Fulbright Fellow, Estonia, 2013-2014 Associate Professor, Educational Leadership and Policies, USC
Marlene Roth, MA 
Holocaust and Genocide Studies
 Selden K. Smith, PhD
History Professor Emeritus, Columbia College
Eileen Chepenick
SC Council of the Holocaust, Chair
Minda Miller
Selden K. Smith Education Foundation, Chair
Emily Taylor
 Teacher Advisory Committee Chair; SC Council on the Holocaust
Columbia Holocaust Memorial in Memorial Park, dedicated on June 6, 2001.
Tell them we remember
Cover photo courtesy U.S. Holocaust  Memorial Museum.
The views or opinions expressed in this  publication, and the context in which this image is used, do not necessarily reect the views or policy of, nor imply approval or endorsement by, the U.S. Holocaust  Memorial Museum.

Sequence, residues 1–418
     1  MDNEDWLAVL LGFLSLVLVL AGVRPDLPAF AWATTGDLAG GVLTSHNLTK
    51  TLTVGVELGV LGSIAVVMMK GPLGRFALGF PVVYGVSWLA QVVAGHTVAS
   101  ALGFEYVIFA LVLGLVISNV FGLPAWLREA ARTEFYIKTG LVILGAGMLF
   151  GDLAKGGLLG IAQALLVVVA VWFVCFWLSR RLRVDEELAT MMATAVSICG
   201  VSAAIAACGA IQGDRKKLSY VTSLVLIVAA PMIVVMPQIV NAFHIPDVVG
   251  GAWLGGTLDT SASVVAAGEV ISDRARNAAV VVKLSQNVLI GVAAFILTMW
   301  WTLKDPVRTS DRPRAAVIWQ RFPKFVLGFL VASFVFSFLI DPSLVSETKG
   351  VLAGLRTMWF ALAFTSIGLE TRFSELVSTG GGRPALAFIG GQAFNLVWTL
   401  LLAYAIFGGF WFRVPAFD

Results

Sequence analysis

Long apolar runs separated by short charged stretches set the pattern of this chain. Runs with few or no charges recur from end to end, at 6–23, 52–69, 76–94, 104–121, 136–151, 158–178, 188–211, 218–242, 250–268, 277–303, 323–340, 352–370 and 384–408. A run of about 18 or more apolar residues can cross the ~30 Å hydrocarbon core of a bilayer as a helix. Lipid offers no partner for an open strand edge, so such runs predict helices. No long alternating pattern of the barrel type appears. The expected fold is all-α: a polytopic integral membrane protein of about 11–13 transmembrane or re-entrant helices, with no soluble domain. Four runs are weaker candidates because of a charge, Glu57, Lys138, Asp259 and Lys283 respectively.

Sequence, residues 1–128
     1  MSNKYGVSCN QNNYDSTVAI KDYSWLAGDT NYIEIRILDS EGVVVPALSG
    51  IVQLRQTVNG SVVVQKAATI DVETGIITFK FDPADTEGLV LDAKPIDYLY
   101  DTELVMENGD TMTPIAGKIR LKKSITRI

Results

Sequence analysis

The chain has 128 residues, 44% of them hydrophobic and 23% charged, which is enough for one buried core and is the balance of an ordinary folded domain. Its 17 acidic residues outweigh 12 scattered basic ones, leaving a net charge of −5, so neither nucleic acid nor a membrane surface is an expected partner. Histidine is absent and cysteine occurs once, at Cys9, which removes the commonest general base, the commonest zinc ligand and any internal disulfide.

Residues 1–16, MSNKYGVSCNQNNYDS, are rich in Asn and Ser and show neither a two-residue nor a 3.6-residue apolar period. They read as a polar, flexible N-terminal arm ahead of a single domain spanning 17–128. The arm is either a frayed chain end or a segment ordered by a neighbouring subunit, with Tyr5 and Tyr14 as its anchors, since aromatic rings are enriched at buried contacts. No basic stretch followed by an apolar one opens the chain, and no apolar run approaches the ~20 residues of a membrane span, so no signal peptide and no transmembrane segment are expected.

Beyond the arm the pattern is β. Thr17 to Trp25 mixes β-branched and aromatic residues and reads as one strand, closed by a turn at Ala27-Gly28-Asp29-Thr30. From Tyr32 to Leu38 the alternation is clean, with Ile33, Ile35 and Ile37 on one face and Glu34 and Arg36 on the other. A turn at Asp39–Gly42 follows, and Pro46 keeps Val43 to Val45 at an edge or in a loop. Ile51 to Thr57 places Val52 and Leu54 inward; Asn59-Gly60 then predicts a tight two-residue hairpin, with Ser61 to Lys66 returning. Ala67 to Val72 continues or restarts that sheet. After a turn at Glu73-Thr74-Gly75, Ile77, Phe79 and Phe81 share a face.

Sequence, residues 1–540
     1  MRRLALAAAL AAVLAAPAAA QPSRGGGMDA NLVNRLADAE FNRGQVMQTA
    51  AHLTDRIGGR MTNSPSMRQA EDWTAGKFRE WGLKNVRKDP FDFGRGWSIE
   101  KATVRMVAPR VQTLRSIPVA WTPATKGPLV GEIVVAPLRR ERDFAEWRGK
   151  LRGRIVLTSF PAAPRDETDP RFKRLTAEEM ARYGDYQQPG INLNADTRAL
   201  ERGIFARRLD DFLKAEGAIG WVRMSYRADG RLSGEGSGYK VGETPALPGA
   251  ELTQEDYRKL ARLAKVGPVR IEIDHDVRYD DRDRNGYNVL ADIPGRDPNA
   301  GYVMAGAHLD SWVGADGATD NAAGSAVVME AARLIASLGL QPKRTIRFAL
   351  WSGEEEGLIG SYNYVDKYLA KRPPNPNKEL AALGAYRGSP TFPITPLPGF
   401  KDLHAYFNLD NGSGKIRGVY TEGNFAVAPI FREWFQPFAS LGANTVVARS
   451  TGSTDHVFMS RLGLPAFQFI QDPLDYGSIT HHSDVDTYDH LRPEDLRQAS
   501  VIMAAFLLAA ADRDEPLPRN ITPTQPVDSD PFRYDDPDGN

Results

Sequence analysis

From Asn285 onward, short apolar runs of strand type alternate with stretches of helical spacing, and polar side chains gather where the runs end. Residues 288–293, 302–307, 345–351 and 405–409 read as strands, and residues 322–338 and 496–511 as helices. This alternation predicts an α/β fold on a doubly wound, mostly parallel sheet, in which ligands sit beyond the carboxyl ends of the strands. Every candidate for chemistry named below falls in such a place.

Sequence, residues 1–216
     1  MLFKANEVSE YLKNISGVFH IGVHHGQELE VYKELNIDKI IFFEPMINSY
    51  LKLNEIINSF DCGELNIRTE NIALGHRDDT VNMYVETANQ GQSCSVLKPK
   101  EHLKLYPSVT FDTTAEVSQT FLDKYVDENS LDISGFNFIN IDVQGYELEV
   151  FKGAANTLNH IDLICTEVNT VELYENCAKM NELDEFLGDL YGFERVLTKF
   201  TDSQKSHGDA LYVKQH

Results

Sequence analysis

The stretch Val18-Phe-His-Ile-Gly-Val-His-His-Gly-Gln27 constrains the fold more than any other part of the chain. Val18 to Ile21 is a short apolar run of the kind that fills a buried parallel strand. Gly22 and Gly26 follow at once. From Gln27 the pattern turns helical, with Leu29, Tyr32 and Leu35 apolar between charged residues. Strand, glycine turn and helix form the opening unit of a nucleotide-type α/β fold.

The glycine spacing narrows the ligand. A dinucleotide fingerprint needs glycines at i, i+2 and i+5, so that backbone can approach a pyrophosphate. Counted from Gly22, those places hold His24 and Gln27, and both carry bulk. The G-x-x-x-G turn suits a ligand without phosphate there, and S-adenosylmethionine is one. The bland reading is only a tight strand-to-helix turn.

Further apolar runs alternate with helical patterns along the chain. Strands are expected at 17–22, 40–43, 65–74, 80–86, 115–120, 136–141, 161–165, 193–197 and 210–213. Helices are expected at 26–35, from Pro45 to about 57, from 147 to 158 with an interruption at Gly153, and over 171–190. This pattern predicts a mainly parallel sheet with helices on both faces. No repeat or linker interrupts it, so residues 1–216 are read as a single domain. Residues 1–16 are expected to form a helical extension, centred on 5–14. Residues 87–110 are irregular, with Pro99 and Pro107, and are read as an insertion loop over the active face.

Send us your story.
We invite those with experiences from the Holocaust to send their stories (500 words or less), along with 3 to 4 original photographs, to Barry Abels, barrya@
Holocaust Remembered:
 A Special Supplement from The Columbia Holocaust Education Commission
APRIL 13, 2014
 The Question 
enjoyed many years as a history professor at Columbia College. In the 1970s the in-stitution had an academic calendar which included a three-week May term for con-centrated study on one course not of-fered in the regular terms. Every year in the fall, the history department invited our majors and minors to a session to solicit their suggestions for May term course offerings. One of our enthusiastic majors was Alice  Malavasic, whose South Carolina mother had married a New Yorker. “Dr. Smith, why don’t you offer a course in the Holocaust?” I replied, “Alice, you know that I don’t know anything about the Holocaust.” Her quick response came, “Well, you could learn something by May, couldn’t you?” Chastised, I accepted the student challenge.
 The Survivors